THE PANDEMIC has put a lot of strain on many businesses over the past two years, and for the Theatre Royal Windsor it’s been no different.

After a challenging start to the year, the Edwardian theatre, on Thames Street, finally opened its doors on June 21 with award-winning actor, Sir Ian McKellen, in Shakespeare's classic play, Hamlet.

With its successful run, followed by Anton Chekhov’s The Cherry Orchard, also starring Sir Ian, the theatre has ended on a high with its family pantomime, Jack and the Beanstalk.

And as the year draws to a close, co-theatre director Jon Woodley, who runs the business with his wife Anne-Marie Woodley, looks back at what has been a difficult time for the business.

“It was an incredible feeling to open again after a horrible 2020,” Mr Woodley said.

“We had a big gap where we were uncertain on what we could do so when we re-opened with our first performance back in June the atmosphere felt through the building was incredible.”

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And Mr Woodley explained this year’s pantomime, Jack and the Beanstalk, has had an “amazing reaction” from audiences.

“Panto is magical, enjoyable and generational with so many families giggling away together at the same thing,” he said.

Royal Borough Observer: Jack and the Beanstalk performers have entertained families throughout the festive period. Picture: Theatre Royal WindsorJack and the Beanstalk performers have entertained families throughout the festive period. Picture: Theatre Royal Windsor

Mr Woodley recalled that without the support of their audience members throughout the pandemic, the theatre would be in a very different place.

He explained many residents donated their purchased tickets to lend the theatre a helping hand during its closure.

“We were overwhelmed by the support we received," he said.

"Lots of people wrote into us to offer their help and it was the kindness of the community that kept the theatre going.”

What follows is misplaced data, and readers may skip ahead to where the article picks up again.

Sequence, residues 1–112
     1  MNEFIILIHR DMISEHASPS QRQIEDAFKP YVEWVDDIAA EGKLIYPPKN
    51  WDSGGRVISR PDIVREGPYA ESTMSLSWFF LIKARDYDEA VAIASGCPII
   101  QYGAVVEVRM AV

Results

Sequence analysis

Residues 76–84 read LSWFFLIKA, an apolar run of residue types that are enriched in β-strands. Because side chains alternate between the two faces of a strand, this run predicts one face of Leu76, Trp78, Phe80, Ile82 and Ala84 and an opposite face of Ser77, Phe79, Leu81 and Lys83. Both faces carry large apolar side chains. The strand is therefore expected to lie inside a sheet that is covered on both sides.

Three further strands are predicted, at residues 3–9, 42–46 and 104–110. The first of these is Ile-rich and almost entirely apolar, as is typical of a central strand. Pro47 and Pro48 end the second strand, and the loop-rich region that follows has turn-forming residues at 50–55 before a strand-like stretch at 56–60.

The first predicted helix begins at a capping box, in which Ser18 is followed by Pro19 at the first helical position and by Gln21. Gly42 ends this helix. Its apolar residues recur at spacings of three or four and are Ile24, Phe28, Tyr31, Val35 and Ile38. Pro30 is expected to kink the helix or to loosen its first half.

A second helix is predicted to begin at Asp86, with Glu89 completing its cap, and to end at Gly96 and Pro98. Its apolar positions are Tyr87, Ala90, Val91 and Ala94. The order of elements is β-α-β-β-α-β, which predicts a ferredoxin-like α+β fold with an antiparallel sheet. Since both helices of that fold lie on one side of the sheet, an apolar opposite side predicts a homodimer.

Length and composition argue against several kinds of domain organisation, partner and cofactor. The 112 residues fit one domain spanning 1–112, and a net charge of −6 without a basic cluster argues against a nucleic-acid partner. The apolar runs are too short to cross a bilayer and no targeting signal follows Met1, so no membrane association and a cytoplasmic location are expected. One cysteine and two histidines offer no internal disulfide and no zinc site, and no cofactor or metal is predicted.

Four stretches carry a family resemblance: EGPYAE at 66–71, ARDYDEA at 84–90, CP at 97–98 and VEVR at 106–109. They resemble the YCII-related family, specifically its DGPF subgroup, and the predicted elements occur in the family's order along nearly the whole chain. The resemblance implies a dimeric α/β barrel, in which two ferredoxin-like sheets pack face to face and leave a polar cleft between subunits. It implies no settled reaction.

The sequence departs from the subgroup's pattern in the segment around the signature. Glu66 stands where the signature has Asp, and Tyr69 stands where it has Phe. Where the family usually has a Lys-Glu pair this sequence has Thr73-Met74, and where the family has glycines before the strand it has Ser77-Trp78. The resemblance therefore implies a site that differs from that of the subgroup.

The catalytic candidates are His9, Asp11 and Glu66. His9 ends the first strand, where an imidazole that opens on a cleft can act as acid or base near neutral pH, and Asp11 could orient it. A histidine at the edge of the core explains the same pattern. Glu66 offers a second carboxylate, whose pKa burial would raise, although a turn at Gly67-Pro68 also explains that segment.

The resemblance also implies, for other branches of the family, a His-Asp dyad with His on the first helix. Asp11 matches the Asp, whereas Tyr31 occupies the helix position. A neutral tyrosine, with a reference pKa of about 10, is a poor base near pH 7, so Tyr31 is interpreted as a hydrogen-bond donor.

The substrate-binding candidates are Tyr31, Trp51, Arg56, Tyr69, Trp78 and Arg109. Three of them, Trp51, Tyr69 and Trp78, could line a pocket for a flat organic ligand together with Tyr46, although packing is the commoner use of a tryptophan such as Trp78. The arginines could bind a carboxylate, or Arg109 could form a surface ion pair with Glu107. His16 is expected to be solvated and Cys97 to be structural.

The theatre director said people have missed coming to see shows in person.

“I think partly that shared experience is good for the soul,” he said.

“There’s nothing quite like live entertainment, it’s a really important part of life and society and for us to offer that calibre means we need the support from our community.

“We rely on people coming to see the shows here and we’re so lucky there are so many people who support us regularly.”

Mr Woodley expressed his thanks to everyone who helped the theatre throughout the pandemic.

He said: “We missed you so much when we had to close our doors so we are doing our best to repay your kindness by making sure we are one of the best British theatres and that we put on great shows all year round.”

Looking ahead at plans for 2022, Mr Woodley explained they'll be putting on a range of “fantastic productions”.

When Jack and the Beanstalk finishes its run on January 9, the theatre will welcome audiences to watch Willy Russell’s iconic musical about twins Mickey and Eddie, Blood Brothers.

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Mr Woodley added they’ve also got a big announcement in January for their upcoming season.

Reflecting on the pandemic, Mr Woodley said: “It’s so sad to come into a beautiful building like this when it’s dark and everyone is on furlough, these places are so much fun and to see them empty is just wrong.

“It’s been a very hard time and we are so lucky to have opened in such a strong way."